The first officers to respond to this missing persons call had little concern.  "Missing" students in a college town were a dime a dozen and the majority of these cases solved themselves when the "missing" person showed up within hours.  This was the 70s, too, when young people frequently went off to "find themselves," and hitchhiking around the state or even the country was not uncommon.  Despite the Healy family's protests that Linda would never just walk away from her life, the officers felt certain she was gone of her own volition and would return shortly.  As they saw nothing suspicious in her basement bedroom upon a cursory look, they left.

Two hours later, a roommate's mother, a friend of the police chief, called and got them back.  This time a homicide detective came with them.  What they found sent shivers down the spines of Linda's loved ones and became the start of what was one of the most inexplicable and unusual disappearances on record.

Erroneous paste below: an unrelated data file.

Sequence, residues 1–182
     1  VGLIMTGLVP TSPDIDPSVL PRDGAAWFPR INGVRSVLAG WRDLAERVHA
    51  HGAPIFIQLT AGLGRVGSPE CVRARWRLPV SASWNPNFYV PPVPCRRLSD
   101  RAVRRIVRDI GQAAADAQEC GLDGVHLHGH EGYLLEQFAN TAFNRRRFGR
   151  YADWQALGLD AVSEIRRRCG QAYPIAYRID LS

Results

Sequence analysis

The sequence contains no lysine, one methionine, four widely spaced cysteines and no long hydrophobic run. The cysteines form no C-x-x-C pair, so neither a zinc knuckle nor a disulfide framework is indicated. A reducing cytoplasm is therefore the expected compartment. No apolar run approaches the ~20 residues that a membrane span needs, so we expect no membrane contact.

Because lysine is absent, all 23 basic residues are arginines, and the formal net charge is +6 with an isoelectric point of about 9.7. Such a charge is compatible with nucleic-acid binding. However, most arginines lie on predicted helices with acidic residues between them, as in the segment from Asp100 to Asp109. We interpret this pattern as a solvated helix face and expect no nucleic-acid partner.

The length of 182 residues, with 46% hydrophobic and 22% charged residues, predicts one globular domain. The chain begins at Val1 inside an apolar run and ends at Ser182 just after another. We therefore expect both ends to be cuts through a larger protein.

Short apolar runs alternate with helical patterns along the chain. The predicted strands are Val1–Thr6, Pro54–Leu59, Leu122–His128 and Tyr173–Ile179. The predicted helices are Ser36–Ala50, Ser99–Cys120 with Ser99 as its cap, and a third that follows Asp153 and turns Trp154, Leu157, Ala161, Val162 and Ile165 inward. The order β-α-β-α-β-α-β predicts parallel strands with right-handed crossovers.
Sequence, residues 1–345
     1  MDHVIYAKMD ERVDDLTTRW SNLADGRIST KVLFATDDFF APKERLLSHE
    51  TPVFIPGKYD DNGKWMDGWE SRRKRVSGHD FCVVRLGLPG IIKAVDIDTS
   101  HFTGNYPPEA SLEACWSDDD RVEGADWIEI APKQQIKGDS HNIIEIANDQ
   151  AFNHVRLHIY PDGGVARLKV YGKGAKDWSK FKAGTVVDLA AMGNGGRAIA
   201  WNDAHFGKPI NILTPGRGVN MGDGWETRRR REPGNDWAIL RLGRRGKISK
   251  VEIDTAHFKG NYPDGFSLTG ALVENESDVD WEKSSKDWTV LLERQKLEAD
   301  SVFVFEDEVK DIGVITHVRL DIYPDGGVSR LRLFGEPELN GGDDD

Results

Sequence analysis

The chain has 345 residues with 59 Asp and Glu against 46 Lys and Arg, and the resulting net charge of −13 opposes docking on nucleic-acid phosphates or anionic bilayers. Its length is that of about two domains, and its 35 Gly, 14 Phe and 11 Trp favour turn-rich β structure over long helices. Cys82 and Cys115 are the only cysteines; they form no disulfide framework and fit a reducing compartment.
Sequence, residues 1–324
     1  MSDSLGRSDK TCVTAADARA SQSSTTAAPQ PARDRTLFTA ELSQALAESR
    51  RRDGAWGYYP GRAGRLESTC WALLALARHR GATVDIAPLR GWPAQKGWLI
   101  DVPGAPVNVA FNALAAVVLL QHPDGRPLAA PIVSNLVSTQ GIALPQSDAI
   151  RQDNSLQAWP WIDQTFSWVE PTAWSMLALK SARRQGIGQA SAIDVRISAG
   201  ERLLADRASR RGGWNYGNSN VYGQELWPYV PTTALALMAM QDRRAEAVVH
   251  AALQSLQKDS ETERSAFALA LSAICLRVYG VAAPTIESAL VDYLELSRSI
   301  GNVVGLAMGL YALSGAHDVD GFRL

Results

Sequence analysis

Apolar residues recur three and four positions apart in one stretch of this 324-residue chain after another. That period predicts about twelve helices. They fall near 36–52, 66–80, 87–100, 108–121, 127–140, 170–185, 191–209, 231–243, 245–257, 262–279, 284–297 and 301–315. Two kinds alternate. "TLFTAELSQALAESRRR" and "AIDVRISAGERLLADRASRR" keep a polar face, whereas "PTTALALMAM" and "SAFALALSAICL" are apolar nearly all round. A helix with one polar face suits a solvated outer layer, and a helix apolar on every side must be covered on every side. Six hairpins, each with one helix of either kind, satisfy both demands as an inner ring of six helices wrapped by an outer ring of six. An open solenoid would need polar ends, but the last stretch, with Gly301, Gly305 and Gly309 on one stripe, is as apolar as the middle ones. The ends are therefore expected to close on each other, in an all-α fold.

The detective pulled back the bedspread of Linda's made bed.  He immediately saw the blood, a large splotch of it on the bottom fitted sheet and a stain in the pillow, missing its usual pillowcase.  An inspection of her closet led to the discovery of her nightgown, hung neatly on a peg, with dried blood caking the back of the neckline.  Taking into account that Linda's backpack, a blouse, pair of jeans and boots were missing, the detective at first believed that Linda had suffered a nosebleed and had gone somewhere to have it attended to.